Skip to main content Accessibility help
×
Hostname: page-component-7d684dbfc8-jcwnr Total loading time: 0 Render date: 2023-09-28T02:20:52.597Z Has data issue: false Feature Flags: { "corePageComponentGetUserInfoFromSharedSession": true, "coreDisableEcommerce": false, "coreDisableSocialShare": false, "coreDisableEcommerceForArticlePurchase": false, "coreDisableEcommerceForBookPurchase": false, "coreDisableEcommerceForElementPurchase": false, "coreUseNewShare": true, "useRatesEcommerce": true } hasContentIssue false

Chapter 1 - Law before Writing

Published online by Cambridge University Press:  22 September 2009

Michael Gagarin
Affiliation:
University of Texas, Austin
Get access

Summary

The earliest period of Greek law for which we have evidence, albeit indirect, is the era portrayed in the poems of Homer and Hesiod, which we may loosely refer to as the period of “Homeric society.” Although the events in Homer take place at the end of the Bronze Age (ca. 1200–1150), the institutions portrayed almost certainly represent those of a later period, most likely the eighth century, shortly before these poems were put in writing, probably around 700. Moreover, the works of both Homer and Hesiod contain episodes and allusions pertaining to judicial matters on the basis of which we can sketch a picture of a more or less formal process for judging or settling disputes between members of the community. Certain details of this process may vary, but there is enough consistency among the different episodes to conclude that early Greek legal procedure was a recognizable institution with well-established parameters within which there was room for variation in detail. Like the rest of the Homeric/Hesiodic world, the legal process shows no knowledge of writing, even though writing was probably introduced to the Greek world a century or so before these poems were written down. Thus, we are justified in assuming that legal procedures such as those portrayed in the poems existed in Greece in the eighth or ninth centuries and probably continued with little change (and without the use of writing) until the mid seventh century, when laws first began to be written.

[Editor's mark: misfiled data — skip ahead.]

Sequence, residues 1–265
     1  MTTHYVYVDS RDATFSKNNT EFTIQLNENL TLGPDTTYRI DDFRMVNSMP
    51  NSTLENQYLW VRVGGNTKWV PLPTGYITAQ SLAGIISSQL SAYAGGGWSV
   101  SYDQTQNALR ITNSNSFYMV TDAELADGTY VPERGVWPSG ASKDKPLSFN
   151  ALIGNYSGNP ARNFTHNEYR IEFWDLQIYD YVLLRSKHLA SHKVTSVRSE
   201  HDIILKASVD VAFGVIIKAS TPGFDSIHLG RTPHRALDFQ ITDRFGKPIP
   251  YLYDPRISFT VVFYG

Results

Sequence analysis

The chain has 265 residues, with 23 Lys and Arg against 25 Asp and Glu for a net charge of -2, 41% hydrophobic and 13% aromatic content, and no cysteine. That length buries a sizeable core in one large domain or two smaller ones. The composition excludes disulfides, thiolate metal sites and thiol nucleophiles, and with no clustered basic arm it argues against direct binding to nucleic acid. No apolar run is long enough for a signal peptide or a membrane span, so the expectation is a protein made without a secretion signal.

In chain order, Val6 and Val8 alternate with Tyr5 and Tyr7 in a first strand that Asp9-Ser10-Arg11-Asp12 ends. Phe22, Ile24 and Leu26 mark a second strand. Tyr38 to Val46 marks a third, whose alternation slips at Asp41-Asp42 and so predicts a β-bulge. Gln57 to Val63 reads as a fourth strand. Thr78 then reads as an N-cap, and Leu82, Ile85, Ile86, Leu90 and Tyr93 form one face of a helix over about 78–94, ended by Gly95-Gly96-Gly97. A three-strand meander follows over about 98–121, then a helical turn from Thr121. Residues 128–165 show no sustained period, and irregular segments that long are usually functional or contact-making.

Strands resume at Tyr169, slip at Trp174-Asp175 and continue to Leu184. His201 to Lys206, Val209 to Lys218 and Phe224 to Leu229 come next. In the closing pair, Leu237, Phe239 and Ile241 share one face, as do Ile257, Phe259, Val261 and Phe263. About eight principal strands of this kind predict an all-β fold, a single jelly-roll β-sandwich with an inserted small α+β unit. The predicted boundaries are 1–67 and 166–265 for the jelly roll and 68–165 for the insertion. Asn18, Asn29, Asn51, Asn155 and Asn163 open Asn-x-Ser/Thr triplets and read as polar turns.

Type
Chapter
Information
Writing Greek Law , pp. 13 - 38
Publisher: Cambridge University Press
Print publication year: 2008

Access options

Get access to the full version of this content by using one of the access options below. (Log in options will check for institutional or personal access. Content may require purchase if you do not have access.)

Save book to Kindle

To save this book to your Kindle, first ensure coreplatform@cambridge.org is added to your Approved Personal Document E-mail List under your Personal Document Settings on the Manage Your Content and Devices page of your Amazon account. Then enter the ‘name’ part of your Kindle email address below. Find out more about saving to your Kindle.

Note you can select to save to either the @free.kindle.com or @kindle.com variations. ‘@free.kindle.com’ emails are free but can only be saved to your device when it is connected to wi-fi. ‘@kindle.com’ emails can be delivered even when you are not connected to wi-fi, but note that service fees apply.

Find out more about the Kindle Personal Document Service.

  • Law before Writing
  • Michael Gagarin, University of Texas, Austin
  • Book: Writing Greek Law
  • Online publication: 22 September 2009
  • Chapter DOI: https://doi.org/10.1017/CBO9780511482779.003
Available formats
×

Save book to Dropbox

To save content items to your account, please confirm that you agree to abide by our usage policies. If this is the first time you use this feature, you will be asked to authorise Cambridge Core to connect with your account. Find out more about saving content to Dropbox.

  • Law before Writing
  • Michael Gagarin, University of Texas, Austin
  • Book: Writing Greek Law
  • Online publication: 22 September 2009
  • Chapter DOI: https://doi.org/10.1017/CBO9780511482779.003
Available formats
×

Save book to Google Drive

To save content items to your account, please confirm that you agree to abide by our usage policies. If this is the first time you use this feature, you will be asked to authorise Cambridge Core to connect with your account. Find out more about saving content to Google Drive.

  • Law before Writing
  • Michael Gagarin, University of Texas, Austin
  • Book: Writing Greek Law
  • Online publication: 22 September 2009
  • Chapter DOI: https://doi.org/10.1017/CBO9780511482779.003
Available formats
×